“Mr A meet Mr B, he has what you need.”
An online system which can make the above statement happen has the capability for expertise location.
There are multiple online systems in place which help people to find other people with specific expertise. All of these systems start with individuals’ details and aggregate information in a way that is searchable and findable.
A People Directory (a Who’s Who) is considered one of the most important resources within an enterprise. Consumer social tools like LinkedIn, Facebook and Twitter also serve as an important way of finding people that you know or people you want to know. In fact, these online systems have become global directories of contacts and relationships.
The way each of these social tools manages contacts is different depending on their area of focus. For example, LinkedIn focuses on professional contacts whereas Facebook focuses on social contacts.
Social software has matured in the past few years. However, companies are still not fully capitalising on the skills available within the organisation. As this Wall Street Journal article rightly points out:
Talk about a waste! Because of an inability to tap expertise, problems go unsolved, new ideas never get imagined, employees feel underutilized and underappreciated.
Humans are by nature social animals; we depend on others to fulfil our needs. Additionally, the economics of demand and supply can only be fulfilled if needs are clearly known. Online social applications comprising of wikis, blogs, activity stream, tagging, effective search and the like have made it possible to find exactly what we are looking for with ease.
Rich user profiles:
It all begins with information exchange: what others know about you and what you can find out about other individuals. There are two key parts to it:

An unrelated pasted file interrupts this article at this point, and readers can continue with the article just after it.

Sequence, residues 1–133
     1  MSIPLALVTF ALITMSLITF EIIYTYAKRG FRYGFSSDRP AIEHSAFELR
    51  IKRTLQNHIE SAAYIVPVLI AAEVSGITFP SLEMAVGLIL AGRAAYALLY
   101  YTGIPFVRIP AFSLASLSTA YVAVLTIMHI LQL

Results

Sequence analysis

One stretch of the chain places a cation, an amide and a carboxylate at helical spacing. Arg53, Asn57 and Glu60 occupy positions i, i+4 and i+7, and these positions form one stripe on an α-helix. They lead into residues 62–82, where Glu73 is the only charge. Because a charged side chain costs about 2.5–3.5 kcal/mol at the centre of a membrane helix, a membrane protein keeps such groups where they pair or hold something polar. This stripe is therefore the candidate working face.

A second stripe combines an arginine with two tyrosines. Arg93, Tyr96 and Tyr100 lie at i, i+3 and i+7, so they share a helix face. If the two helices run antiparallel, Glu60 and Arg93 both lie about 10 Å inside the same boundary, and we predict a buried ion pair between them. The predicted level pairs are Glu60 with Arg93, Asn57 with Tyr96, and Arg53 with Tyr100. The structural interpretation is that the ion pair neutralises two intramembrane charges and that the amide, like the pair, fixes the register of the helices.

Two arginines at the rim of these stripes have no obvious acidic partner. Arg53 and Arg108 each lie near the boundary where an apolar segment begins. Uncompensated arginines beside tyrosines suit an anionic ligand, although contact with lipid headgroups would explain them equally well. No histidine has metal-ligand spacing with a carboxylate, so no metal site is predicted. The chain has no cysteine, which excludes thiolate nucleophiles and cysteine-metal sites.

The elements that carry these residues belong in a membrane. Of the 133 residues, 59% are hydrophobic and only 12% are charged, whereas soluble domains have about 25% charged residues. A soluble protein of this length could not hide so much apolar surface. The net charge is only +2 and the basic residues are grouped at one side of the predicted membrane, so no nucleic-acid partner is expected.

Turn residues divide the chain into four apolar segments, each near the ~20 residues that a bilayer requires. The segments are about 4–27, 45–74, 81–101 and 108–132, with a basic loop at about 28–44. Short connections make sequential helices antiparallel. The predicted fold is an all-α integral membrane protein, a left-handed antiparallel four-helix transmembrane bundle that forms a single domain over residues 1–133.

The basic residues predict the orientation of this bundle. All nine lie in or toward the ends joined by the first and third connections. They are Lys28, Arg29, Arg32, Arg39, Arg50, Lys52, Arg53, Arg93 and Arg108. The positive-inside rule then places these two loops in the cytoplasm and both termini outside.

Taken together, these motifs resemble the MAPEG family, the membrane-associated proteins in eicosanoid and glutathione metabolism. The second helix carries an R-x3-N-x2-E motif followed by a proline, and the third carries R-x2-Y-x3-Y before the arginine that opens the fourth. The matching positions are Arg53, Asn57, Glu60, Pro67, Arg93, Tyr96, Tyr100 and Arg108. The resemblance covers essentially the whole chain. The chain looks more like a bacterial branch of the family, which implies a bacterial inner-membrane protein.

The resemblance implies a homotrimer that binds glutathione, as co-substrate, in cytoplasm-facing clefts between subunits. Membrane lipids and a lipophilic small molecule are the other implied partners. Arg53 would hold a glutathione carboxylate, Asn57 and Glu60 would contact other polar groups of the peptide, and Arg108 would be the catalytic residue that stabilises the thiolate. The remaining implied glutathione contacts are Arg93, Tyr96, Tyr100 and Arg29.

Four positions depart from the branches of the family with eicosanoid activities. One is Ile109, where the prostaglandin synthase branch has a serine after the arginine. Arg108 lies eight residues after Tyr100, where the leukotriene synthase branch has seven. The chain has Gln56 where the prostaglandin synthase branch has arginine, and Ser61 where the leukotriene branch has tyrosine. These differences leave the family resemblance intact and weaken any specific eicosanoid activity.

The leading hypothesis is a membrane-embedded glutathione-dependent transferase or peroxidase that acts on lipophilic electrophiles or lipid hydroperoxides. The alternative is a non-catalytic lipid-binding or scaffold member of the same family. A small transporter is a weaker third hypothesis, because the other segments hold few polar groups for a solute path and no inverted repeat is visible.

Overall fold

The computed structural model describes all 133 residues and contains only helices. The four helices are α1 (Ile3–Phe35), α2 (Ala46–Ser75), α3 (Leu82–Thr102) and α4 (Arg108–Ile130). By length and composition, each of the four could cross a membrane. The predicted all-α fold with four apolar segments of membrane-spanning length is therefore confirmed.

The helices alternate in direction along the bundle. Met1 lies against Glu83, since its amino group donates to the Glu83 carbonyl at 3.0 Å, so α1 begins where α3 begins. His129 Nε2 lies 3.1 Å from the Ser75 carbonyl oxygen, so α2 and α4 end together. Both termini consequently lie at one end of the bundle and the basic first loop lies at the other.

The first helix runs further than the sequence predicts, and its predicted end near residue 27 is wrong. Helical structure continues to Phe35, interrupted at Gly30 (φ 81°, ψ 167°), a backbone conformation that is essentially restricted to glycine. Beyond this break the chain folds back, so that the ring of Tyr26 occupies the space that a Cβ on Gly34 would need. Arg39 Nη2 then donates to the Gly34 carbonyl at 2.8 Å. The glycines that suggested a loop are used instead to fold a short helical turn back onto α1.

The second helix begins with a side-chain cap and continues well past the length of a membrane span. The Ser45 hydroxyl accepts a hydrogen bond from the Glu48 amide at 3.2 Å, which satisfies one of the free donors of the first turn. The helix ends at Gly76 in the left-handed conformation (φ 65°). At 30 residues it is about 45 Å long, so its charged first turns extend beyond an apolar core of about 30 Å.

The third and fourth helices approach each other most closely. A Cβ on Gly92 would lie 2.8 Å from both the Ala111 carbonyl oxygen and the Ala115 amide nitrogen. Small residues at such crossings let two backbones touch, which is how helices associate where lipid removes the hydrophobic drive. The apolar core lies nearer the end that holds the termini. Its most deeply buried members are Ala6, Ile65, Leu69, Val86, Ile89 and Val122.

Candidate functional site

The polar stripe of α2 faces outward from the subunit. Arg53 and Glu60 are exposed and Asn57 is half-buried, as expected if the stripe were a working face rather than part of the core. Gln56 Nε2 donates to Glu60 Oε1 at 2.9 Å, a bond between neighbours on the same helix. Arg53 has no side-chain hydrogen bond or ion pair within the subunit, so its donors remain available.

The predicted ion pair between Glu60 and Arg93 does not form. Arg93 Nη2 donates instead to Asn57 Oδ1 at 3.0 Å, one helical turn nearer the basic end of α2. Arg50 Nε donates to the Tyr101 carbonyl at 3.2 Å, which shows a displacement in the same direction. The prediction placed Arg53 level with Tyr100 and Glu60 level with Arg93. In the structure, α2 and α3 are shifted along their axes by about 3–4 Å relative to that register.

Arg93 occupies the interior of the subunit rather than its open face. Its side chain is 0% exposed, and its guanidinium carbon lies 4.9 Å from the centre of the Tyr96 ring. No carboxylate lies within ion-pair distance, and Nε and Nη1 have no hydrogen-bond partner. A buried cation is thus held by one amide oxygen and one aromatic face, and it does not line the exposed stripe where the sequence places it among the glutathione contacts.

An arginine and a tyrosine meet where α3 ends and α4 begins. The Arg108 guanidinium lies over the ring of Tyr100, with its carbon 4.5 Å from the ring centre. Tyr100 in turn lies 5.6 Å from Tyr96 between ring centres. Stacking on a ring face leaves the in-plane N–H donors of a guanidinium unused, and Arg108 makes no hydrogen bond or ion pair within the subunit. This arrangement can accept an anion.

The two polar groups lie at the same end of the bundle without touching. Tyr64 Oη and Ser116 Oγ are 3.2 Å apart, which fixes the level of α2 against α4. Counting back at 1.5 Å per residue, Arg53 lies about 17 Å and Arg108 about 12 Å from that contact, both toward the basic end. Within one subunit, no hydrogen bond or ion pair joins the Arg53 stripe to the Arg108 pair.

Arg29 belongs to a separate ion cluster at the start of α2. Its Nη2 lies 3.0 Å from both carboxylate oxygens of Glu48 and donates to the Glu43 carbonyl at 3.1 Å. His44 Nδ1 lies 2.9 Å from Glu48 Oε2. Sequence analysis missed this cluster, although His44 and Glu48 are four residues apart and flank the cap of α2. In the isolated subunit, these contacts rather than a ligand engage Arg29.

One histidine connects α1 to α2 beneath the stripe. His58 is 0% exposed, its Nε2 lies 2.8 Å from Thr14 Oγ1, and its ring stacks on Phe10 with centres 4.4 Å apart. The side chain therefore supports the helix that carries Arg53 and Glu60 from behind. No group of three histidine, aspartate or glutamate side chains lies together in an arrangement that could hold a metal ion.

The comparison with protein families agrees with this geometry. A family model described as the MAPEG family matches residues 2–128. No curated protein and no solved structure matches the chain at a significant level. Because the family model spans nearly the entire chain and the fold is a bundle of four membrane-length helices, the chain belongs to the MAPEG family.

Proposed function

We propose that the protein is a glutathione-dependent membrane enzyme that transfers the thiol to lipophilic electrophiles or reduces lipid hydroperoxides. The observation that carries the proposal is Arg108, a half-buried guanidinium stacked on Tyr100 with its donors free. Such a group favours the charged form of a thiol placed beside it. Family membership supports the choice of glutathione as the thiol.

- What you have
- What you want
What you have:
In his recent article, Alan Hamilton discusses the difference between knowledge and expertise and how social software acts as a glue to bring people together. Alan argues that one’s social contributions are a sure indication of skills compared to an advertised capability.
A person’s expertise is acquired through previous experience, shared knowledge, and/or accreditation. The sum of these criteria determines the worth of an expert in a particular field. People exhibit their own level of expertise through two approaches:
- Their own perception of their expertise
- Demonstrable expertise based on practical experience
When it comes to displaying this expertise in an online system, the more information a user profile can handle and contain within a clean contextual display the more valuable it is. It is also about making it simple for the users to provide as much information about themselves as possible.
Once the information is in the system, the system should be able to slice and dice it in a format which is discoverable. For example, if a user has listed himself as a “motor mechanic”, any search for “automobile engineer” should also list that person.
An important consideration while enabling rich user profiles is that it should be an individual user’s choice if they want their expertise to be displayed to everyone or just to a selected list. Individuals may also have a choice of their preferred contact time, so they do not find the system disruptive by other users contacting them at unsuitable hours.